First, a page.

.....and the critics are wrong. In this weeks’ farming press, John Bourne hits back at his critics - or if you prefer, throws his teddies out of the ISG pram. In an interview with Alistair Driver, for Farmers Guardian, he blamed pressure from politicians in general and the Minister in particular, for causing ‘confusion’ over his trial - or to be more precise, his first and only years’ results published so far.
Calling the Minister’s "Consultation on Badger Culling", a complete waste of time, Professor Bourne said that things had been "rushed through to meet a timetable but we couldn’t do it in the timescale we were working to". As a result, the document made "many inaccurate statements. For example two of the proposals for taking badgers out were shown in our trials to make the situation worse".
Professor Bourne said that the 20 – 60% culling efficiency figure presented in the Defra consultation document was "wrong, absolutely and categorically wrong". (What was it then, less than 20%? Sheeesh) He continued, having hurled a few more toys, " It was only based on an assessment after the first cull, but that was never made clear".
Errr. Yes. But having heard all the world and his dog speak on this subject, did we really miss the strident voice of the diminutive John Bourne announcing that this set of tortured data, presented in autumn 2005 - SEVEN years after the trial started - only made up his first year’s results, should not be relied upon, and was inaccurate in its conclusions anyway? No. I thought not. Neither did he stamp his foot at those politicians / un-civil servants allegedly pressurising him, as he has done so many times in the past with us lesser mortals. ‘Sound science’ can not be subject to the sort of meddling – unless of course its result is an excuse for more prevarication by its paymaster. That Bourne is a paper shield for Defra’s continuing intransigence is unequivocal. That the good Professor has yet to realise this, is more worrying.
Professor Bourne categorically denied that he was against badger culling saying: " What I am against is culling that is not effective, and makes the situation worse". Aren't we all.
Full report: http://www.farmersguardian.com/story.asp?sectioncode=24&storycode=4292
Alongside Professor Bourne’s spirited defence of his trial, is the sorry tale of one farmer, unfortunate enough to be in the middle of it. Describing how, after a ‘hit and run’ visit by the Krebs team in June 2000, this North Cornish dairy farm, housing a closed herd of pedigree cattle became a mecca for badgers and endured a Tb breakdown lasting almost 5 years, farmer Pat Bird is less than sympathetic to Professor Bourne’s indignation.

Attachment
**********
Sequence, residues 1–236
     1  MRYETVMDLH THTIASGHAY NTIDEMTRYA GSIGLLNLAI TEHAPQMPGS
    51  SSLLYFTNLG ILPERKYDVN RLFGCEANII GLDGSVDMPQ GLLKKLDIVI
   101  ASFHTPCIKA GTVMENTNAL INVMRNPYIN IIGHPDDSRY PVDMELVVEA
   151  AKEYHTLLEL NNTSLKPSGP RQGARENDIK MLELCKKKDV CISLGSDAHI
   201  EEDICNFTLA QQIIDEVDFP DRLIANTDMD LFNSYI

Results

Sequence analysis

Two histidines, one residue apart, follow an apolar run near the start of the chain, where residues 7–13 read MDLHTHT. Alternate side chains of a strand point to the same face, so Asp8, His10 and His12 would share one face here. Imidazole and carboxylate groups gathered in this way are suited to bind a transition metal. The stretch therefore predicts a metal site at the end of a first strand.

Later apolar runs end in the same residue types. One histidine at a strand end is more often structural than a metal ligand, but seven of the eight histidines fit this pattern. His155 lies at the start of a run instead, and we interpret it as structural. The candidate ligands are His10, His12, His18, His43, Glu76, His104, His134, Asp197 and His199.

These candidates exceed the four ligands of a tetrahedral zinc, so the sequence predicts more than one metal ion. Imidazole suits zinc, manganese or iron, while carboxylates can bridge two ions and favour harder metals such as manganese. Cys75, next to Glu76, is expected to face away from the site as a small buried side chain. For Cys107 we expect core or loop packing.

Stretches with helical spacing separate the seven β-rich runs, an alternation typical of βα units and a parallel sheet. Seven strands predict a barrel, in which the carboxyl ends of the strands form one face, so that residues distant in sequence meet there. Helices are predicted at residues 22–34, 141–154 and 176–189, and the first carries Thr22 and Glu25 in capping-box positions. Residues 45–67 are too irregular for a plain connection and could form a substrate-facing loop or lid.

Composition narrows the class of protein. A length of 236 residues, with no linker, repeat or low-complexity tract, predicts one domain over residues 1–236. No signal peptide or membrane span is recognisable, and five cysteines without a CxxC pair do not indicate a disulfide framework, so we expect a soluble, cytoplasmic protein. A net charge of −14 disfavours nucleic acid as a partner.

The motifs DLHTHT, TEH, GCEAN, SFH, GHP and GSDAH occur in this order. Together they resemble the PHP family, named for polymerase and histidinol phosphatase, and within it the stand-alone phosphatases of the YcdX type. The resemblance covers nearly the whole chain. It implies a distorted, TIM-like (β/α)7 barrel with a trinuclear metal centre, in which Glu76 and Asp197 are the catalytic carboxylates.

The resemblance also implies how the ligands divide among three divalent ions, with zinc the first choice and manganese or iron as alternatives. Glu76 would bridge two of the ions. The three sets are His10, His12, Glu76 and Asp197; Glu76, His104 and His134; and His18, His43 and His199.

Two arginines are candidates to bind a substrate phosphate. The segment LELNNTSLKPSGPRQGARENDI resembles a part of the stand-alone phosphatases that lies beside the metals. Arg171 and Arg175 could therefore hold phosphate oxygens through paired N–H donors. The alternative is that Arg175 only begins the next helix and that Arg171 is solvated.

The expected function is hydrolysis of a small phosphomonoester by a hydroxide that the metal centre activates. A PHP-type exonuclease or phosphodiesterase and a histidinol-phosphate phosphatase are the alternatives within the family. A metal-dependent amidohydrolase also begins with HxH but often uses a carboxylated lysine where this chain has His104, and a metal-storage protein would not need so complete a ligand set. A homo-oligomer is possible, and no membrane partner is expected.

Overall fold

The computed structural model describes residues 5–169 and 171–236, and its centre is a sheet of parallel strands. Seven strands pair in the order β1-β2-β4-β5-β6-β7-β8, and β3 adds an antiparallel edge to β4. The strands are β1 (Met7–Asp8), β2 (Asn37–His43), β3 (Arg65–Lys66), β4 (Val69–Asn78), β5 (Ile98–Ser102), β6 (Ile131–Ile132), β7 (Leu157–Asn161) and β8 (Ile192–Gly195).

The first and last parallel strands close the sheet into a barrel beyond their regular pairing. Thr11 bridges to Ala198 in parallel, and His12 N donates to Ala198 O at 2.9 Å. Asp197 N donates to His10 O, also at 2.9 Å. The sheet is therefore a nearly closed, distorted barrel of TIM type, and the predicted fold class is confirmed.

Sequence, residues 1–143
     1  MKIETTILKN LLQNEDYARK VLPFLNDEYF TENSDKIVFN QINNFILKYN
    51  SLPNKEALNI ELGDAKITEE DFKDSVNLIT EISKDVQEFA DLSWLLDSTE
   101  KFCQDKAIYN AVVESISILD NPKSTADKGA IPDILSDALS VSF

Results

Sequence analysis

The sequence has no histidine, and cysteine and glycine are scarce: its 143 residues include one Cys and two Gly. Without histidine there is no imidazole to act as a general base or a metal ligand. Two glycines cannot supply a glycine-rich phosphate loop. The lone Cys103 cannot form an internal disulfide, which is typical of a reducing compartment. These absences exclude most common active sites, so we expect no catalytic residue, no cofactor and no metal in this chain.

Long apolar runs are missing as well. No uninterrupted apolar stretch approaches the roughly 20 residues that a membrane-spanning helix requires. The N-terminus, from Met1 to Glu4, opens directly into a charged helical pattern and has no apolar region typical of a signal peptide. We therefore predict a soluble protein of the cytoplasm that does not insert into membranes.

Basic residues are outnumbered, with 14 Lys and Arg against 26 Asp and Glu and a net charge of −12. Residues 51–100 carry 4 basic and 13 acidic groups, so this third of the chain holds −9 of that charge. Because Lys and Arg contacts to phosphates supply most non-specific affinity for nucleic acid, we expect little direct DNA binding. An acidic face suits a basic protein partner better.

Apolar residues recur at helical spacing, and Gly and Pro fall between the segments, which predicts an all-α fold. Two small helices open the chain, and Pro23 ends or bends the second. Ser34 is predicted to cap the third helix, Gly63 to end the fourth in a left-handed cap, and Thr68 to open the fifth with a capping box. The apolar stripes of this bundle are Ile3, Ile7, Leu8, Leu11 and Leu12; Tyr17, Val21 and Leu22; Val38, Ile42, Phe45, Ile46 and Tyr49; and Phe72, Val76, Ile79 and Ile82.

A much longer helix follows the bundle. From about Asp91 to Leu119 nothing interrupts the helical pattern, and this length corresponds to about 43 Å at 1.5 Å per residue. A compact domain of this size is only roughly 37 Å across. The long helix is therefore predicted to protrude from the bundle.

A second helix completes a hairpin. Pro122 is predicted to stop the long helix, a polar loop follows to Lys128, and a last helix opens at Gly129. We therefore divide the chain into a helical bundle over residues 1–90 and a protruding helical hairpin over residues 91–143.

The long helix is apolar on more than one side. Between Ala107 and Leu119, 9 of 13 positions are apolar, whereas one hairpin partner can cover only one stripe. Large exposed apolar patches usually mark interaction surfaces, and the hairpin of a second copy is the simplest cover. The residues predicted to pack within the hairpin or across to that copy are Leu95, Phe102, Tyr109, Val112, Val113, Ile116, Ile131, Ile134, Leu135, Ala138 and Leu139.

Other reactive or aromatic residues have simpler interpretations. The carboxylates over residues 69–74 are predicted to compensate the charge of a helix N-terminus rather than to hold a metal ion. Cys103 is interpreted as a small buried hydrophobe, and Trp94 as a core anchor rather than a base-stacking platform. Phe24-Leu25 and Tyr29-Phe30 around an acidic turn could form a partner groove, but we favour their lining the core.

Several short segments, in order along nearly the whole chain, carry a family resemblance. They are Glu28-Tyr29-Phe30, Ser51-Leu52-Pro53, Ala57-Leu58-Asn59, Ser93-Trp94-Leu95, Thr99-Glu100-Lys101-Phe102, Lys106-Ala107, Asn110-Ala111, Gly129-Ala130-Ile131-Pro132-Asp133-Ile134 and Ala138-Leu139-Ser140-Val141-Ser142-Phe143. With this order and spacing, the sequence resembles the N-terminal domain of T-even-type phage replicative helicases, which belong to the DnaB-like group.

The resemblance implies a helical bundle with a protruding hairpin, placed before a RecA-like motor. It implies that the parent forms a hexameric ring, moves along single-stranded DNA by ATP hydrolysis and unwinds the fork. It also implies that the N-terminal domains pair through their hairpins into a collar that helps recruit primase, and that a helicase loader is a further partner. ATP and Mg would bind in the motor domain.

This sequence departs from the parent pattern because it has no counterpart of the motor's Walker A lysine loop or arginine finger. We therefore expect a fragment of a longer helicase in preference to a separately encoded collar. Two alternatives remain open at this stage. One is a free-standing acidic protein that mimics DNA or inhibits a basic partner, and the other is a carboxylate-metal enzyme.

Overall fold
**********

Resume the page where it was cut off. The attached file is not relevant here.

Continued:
As the tests on this farm, and its neighbours, continued with 60 day depressing regularity and the mound of dead cattle grew, Bourne’s ‘Reactive’ culling team, charged with clearing out badgers in response to a breakdown, failed to turn up at all. No wonder the Reactive figures were shown to ‘increase tb’. Well they would, wouldn’t they if the Krebs lot didn't come? As her farm became laced with badger trials, Mrs. Bird describes Bourne’s trial as a ‘death sentence’ for her cattle, and suggests it could be renamed ‘Badger Dispersal Trial’.
Full article: http://www.farmersguardian.com/story.asp?storycode=4294
And farmers are not the only people with first hand knowledge of the ‘rigorous and robust’ work, done by the Krebs team, now so vigourously and indignantly defended by Professor Bourne. We covered in the post http://bovinetb.blogspot.com/2006/03/robust-basis-of-krebs.html comments from Paul Caruana, a Senior Manager of the trial's Wildlife teams who said " The whole basis of Krebs was to remove badgers off the ground. For the first four years, that effort was farcical, due to restrictions placed upon us. The trial had too many flaws in it to be trusted to produce meaningful evidence. How much weight do we give the latest ISG report, detailing their ‘robust’ findings to the minister? If it were down to me and my staff, very little".
With vets, his Wildlife teams and now participating farmers saying how weak this ‘trial' was, Professor Bourne must be feeling a tad lonely out there.